Growing Vegetables in Dirt
Traditional dirt farming requires nutrients in the soil either added, existing or naturally renewed (river floods, composting, rain run offs, etc). It usually requires considerable space, and considerable water and a LOT of work. You have to fight with nature often times to produce consistent crops. Basically this is hard work and requires knowledge, luck and patience that I simply don’t have.
Using Hydroponics to Grow Vegetables
I started learning about hydroponics, but thought it was a gimmick. Plants grow in containers that have recirculated water. Nutrients are added and when toxic chemicals build up, you dump the waste water. If you aren’t a chemist, or daydream about being a chemist, hydroponics is probably not for you. There is a certain science and exactness to hydroponics and if you are not on your game, food will taste synthetic. Your food has these types of tastes, because the chemicals you add are all synthetic. There is no natural process involving microbes, bacteria or all the wicked coolness that comes with dirt farming and aquaponics farming (nature). You are basically giving specific chemicals to plants to force them to fruit, flower and grow. This was definitely not in line with my way of thinking. The waste of toxic sludge is not organic or eco-friendly at all. And the idea of eating chemicals from a bottle makes me a bit sick.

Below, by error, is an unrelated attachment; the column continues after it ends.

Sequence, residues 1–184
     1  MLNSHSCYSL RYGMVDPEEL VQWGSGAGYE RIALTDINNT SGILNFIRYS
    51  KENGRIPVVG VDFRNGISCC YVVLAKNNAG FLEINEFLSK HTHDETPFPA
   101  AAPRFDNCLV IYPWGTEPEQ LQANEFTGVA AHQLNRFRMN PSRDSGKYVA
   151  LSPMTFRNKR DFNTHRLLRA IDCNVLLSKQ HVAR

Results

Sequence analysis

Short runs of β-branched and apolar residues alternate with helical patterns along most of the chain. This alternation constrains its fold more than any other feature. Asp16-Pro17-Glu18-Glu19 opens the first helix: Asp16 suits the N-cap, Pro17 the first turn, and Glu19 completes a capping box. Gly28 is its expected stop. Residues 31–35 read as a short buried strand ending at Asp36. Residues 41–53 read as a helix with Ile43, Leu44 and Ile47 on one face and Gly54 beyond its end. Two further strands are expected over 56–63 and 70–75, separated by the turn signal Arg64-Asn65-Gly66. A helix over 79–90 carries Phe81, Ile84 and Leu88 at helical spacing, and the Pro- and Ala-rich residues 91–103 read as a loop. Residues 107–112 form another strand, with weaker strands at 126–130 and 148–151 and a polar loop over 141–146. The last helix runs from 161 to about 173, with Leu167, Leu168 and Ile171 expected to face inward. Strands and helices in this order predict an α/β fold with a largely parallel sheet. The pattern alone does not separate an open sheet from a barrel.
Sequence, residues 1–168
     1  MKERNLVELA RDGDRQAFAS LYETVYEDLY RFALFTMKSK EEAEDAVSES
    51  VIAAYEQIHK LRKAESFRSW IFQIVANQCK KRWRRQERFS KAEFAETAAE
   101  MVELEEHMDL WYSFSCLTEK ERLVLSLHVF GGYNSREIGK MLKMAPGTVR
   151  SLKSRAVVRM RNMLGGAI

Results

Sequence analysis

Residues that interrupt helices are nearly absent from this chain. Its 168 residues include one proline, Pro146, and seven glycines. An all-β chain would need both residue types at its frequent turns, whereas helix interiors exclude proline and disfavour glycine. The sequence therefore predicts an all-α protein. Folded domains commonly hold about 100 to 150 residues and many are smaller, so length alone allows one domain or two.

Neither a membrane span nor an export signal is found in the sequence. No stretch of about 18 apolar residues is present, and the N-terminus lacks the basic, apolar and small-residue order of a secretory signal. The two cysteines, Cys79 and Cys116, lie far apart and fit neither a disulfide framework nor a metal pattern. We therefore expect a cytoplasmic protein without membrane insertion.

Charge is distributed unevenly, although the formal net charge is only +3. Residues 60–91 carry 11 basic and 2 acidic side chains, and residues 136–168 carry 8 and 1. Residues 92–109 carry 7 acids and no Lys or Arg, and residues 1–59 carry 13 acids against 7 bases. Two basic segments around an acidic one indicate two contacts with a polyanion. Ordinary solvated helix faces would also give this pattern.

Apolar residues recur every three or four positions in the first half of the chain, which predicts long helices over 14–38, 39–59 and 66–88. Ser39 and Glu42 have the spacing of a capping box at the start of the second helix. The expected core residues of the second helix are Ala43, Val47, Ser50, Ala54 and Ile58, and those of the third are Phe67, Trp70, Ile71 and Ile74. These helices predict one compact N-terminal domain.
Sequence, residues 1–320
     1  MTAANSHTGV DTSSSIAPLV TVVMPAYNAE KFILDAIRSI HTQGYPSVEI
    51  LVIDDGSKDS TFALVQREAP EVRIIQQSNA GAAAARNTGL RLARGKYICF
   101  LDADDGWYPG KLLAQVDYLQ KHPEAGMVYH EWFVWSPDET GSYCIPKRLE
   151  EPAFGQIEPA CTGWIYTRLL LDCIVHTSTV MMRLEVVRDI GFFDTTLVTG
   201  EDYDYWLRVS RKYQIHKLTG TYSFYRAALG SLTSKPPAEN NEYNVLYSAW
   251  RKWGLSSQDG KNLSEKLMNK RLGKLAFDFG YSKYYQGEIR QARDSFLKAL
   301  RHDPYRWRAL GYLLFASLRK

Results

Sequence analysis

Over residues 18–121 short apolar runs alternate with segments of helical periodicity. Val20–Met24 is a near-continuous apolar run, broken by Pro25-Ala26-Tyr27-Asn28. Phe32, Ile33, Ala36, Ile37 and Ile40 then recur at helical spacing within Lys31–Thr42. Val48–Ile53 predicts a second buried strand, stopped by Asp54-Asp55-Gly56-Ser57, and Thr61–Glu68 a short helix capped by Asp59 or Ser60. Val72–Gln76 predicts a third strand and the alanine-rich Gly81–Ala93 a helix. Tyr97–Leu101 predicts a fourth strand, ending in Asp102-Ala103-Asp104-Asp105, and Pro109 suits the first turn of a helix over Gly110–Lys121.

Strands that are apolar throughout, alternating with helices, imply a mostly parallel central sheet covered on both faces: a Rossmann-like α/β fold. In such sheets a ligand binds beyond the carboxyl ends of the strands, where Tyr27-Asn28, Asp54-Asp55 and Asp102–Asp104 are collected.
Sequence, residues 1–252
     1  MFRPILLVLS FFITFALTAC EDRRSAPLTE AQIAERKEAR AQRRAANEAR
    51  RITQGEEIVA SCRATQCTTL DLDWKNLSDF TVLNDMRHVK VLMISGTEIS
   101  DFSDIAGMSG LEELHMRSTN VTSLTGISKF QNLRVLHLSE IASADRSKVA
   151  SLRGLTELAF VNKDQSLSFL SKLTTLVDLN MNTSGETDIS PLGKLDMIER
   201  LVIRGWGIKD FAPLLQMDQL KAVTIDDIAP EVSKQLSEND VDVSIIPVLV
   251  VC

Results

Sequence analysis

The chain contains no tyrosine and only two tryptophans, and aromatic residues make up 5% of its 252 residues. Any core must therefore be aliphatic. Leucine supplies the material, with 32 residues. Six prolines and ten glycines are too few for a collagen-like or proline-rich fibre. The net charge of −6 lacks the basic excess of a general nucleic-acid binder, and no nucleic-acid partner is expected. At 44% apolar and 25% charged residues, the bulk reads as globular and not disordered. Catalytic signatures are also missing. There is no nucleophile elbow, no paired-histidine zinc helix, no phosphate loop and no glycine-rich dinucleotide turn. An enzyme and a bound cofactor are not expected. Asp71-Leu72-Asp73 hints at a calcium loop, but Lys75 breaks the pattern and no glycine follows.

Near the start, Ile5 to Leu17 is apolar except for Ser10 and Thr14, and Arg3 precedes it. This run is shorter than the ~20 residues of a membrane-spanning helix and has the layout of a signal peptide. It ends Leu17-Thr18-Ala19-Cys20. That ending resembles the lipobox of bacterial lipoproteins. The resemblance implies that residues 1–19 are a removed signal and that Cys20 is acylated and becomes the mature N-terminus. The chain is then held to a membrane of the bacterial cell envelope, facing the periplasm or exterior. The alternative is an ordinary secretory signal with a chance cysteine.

What is Aquaponics?
What if we could grow plants but use them to do a task, like clean up waste from another system consisting of fish? We could eat the fish and the plants and there was never waste. It would be completely organic, and nutritious without all the traditional dirt farming intensive labor or lack of control. Wait! We can! It’s called aquaponics.
In aquaponics fish and plants are harvested together in a symbiotic way much like an entire eco system, but smaller. There is no waste, and it uses 90% less water than traditional dirt farming. There are some chemicals, but only if a system is not balanced (chelated iron, Epsom salts, vinegar). These are much more natural than the highly toxic gunk that hydroponics uses.
Pest control must be done using companion planting, natural enzymes from healthy plants, and organic extracts like neem oil, garlic spray, etc. If organic methods are not used, the fish suffer and will die.